This one requires a bit of explanation, but we’ll get there. Patience my friend. So, when you do your mental health check-in, you might not get a response right away. That’s okay! Don’t send multiple texts because they may just be overwhelmed at that particular moment. If they do respond and say, “Hey, I’m good,” and it’s very short, that’s okay too! They really could be fine at that moment or they may not be ready to talk about it yet. If this is the case, you can say, “That’s so great to hear. I’m here if you need me!” See? Simple! This lets them know that whether they really are okay or not, you are available.
Now, if they say, “Hey, my mental health has been all over the place because of X, Y, and Z,” make sure you read the room. Does it seem like they want advice, or do they need a safe space to vent? I learned in pre-marital counseling that not everyone is looking for advice when they’re venting, so make sure that you see which is the best way to support your loved one.
3. Know the person that you’re talking to.
This seems kind of obvious, but I’ll explain this one too. When I check in with my friend, Bri, I make sure that I ask if she ate anything that day. Sometimes, she gets so stressed that she doesn’t make time to eat, so she just doesn’t eat anything all day. Because of that, I know that if she tells me that she has a lot going on right now, I need to ask her if she had something to eat. Usually, when I ask her that, she knows that I’m going to encourage her to at least nibble on something, so she’ll get up and find something to eat.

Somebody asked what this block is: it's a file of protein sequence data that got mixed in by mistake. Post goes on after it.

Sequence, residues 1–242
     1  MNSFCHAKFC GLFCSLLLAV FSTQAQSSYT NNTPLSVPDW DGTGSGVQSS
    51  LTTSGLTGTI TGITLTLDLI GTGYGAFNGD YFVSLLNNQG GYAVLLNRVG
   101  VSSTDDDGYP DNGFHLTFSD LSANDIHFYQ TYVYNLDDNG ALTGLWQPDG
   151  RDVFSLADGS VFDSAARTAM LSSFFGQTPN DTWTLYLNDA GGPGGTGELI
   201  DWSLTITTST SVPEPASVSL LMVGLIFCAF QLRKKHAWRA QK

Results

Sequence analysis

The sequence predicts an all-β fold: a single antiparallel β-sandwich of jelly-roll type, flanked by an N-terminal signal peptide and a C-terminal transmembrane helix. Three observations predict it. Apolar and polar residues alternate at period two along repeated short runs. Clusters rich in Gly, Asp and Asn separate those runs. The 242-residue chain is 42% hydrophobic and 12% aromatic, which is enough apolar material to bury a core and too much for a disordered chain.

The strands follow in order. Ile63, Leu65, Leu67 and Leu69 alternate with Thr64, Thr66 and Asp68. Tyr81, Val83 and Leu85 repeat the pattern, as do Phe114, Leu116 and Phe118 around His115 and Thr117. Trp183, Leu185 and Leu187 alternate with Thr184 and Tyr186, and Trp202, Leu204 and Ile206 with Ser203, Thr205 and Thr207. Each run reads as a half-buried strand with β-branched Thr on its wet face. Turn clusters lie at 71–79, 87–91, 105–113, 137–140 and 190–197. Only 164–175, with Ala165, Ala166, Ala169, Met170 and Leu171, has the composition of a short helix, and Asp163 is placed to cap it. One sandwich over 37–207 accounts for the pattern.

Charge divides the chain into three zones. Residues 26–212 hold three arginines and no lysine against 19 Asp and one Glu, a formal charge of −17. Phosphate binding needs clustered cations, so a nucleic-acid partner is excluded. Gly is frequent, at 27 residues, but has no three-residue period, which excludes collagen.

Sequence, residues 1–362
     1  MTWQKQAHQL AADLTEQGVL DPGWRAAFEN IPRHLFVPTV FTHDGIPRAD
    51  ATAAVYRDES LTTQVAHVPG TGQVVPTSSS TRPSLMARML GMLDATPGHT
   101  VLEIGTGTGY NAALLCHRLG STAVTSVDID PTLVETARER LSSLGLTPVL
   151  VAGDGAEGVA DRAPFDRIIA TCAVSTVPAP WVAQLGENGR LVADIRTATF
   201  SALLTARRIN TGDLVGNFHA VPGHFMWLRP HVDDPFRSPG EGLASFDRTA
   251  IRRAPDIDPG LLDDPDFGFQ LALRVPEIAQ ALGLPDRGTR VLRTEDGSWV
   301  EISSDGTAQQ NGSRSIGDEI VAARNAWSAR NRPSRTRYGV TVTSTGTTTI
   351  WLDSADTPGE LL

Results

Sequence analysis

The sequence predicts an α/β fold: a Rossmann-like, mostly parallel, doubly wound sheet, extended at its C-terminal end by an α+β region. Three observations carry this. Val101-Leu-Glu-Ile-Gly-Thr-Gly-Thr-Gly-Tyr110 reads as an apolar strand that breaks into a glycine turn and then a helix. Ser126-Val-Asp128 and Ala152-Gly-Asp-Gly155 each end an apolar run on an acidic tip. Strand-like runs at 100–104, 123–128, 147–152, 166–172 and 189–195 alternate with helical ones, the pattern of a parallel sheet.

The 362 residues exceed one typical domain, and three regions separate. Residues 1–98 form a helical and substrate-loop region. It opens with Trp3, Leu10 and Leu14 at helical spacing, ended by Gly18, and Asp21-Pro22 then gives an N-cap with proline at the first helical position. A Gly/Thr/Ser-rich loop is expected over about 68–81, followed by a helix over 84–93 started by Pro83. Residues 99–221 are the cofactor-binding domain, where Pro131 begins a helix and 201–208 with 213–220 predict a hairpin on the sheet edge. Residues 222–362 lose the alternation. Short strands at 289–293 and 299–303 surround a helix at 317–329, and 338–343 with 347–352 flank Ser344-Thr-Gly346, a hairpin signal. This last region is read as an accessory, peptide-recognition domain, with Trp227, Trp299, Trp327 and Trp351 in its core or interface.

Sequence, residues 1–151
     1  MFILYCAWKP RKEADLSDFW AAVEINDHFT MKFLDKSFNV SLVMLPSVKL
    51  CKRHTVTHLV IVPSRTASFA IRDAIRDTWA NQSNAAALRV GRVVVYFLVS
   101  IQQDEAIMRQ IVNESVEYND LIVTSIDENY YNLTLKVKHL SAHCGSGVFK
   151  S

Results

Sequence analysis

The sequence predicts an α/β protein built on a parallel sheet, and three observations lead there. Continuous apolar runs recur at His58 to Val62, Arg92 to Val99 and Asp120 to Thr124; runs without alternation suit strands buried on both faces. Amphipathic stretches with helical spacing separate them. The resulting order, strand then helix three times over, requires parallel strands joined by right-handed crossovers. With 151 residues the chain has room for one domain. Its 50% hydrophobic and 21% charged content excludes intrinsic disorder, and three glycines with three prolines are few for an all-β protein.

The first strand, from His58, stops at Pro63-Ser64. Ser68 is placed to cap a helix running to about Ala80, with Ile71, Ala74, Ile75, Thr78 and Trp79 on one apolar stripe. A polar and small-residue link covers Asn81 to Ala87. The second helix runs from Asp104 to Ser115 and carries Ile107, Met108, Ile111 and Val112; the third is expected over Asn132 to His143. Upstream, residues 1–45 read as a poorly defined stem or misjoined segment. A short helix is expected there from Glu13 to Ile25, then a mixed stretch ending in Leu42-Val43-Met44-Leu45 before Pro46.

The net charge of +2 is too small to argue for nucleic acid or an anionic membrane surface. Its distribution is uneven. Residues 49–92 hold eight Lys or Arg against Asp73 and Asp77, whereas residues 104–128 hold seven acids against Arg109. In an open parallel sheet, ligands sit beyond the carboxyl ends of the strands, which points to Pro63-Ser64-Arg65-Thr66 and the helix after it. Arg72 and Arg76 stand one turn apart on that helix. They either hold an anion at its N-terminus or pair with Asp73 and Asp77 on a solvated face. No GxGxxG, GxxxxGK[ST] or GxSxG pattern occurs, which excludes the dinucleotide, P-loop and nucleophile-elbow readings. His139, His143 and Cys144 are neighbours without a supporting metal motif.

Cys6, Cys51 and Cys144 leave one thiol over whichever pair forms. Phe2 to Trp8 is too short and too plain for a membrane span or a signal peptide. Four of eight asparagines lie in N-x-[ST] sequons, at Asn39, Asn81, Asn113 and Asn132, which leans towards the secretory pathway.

Similarly, when my mom is having a stressful day at work, I’ll ask her if she ate yet because she will sometimes work through lunch (ahem, ahem — mom, I know you’re reading this lol). Although she has been getting a lot better at stopping to eat, I’ll still ask her just in case. A simple, “Have you eaten yet?” or “Have you taken a break yet?” shows that you know that person well and you want the best for them.
4. Avoid toxic positivity at all costs.
Toxic positivity is the best way to make sure no one ever opens up to you ever again. What is toxic positivity, you ask? Dr. Jaime Zuckerman, a clinical psychologist in Pennsylvania, defines toxic positivity as, “the assumption, either by one’s self or others, that despite a person’s emotional pain or difficult situation, they should only have a positive mindset or — my pet peeve term — ‘positive vibes,’”.